Monday, December 15, 2008
The Legacy of Ken Blackwell
A fact that most journalists don't write or talk about is that George W. Bush was elected president because of controversial elections in two states: Florida in 2000 and Ohio in 2004. In both states, partisan Secretaries of State used their position to help Bush. In Florida it was Kathrine Harris and in Ohio it was Ken Blackwell.
Recently a reader sent us a link to an article that appeared on the website Truthout written by Bob Fitrakis & Harvey Wasserman. Firtakis and Wasserman, who write for a blog called The Free Press, have been talking about what happened in Ohio in 2004 for the last four years.
The article talks about the recently announced victory of Mary Jo Kilroy in Ohio's 15TH congressional district. This is a quote from the article:
Mary Jo Kilroy of Columbus will be the first Democrat to represent any part of Franklin County in Congress since 1982, and the first to represent her 15th Congressional District since the 1960s.
In 2006 Kilroy barely lost to incumbent Deb Pryce as thousands of contested provisional ballots went uncounted. Under then-Secretary Blackwell, voters in Democratic precincts were routinely challenged on minor details and forced to cast provisional ballots to allegedly be counted at a later time.
But thousands were merely pitched in the trash or otherwise negated. Some 16,000 provisionals and 93,000 machine-rejected ballots have never been counted from a 2004 election decided by an official margin of less than 119,000 votes. Independent observers believe a fair vote count would have given Kilroy her House seat in 2006. Also in that election, e-voting machines had statistically unlikely high rates of undervotes in central city polls.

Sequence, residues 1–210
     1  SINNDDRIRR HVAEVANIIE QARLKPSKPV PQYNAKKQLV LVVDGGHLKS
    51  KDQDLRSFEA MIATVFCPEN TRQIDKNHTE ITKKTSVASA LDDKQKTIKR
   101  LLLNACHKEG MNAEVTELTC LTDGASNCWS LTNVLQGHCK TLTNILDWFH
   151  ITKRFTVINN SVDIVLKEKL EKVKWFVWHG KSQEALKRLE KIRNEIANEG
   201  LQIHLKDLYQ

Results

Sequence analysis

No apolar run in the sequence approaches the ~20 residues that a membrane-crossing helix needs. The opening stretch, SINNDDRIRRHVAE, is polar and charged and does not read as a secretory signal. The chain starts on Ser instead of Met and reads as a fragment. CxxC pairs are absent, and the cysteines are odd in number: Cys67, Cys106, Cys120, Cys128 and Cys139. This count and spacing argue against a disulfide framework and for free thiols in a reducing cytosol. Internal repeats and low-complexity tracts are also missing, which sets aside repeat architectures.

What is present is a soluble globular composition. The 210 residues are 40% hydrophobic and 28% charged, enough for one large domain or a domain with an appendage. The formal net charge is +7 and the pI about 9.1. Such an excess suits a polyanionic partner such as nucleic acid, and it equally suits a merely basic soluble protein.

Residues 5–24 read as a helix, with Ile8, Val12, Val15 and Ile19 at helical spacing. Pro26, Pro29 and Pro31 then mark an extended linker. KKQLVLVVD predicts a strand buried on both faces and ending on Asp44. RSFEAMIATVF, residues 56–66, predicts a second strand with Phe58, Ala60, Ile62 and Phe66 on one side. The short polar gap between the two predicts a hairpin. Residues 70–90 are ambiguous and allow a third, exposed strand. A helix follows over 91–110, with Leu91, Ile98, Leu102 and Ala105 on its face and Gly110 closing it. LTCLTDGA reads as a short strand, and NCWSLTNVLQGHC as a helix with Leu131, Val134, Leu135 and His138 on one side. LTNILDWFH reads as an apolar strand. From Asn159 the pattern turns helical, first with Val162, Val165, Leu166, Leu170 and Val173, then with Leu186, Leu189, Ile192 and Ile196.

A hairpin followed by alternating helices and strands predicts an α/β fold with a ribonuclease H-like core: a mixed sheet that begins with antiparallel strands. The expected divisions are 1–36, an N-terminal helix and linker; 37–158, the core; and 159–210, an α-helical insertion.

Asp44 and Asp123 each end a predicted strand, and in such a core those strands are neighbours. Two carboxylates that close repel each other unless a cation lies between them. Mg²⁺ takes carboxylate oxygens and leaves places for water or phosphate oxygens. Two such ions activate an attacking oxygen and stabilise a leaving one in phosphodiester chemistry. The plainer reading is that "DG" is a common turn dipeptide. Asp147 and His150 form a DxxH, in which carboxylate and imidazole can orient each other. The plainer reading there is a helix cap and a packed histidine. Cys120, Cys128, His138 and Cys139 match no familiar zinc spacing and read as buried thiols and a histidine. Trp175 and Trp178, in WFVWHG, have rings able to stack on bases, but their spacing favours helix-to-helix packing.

So what happens when you get rid of Republican hacks like Harris and Blackwell and replace them with less partisan Secretaries of State? Well, not only do Democrats like Kilroy win congressional races, but both Florida and Ohio went for Barack Obama.
Now, obviously, just getting rid of Harris and Blackwell wasn't enough to tip those states to Obama. The horrible economic record of the Republicans as represented by George W. Bush's failed policies was probably the biggest factor in Obama's win. Still, having rabid partisans like Harris and Blackwell out of office certainly helped, especially in Ohio, since we had a relatively close presidential election.
What is also ironic is that when both Harris and Blackwell tried to run for statewide office, they were defeated, Harris for Senator and Blackwell for Governor.
What's also interesting is that after they were both defeated, the Bush Administration didn't find them a cushy government job. In fact, in Harris's case, neither Karl Rove or Jeb Bush would endorse her for the Senate.
The election of Jennifer Brunner was critical for Democrats in 2006 and it will be critical for Democrats in 2008. Brunner will be targeted by the Republicans who don't want to lose control of the State Reapportionment Board and who want to continue to disenfranchise minority and other Democratic leaning voters. All of us who value free and fair elections need to work for Brunner's election.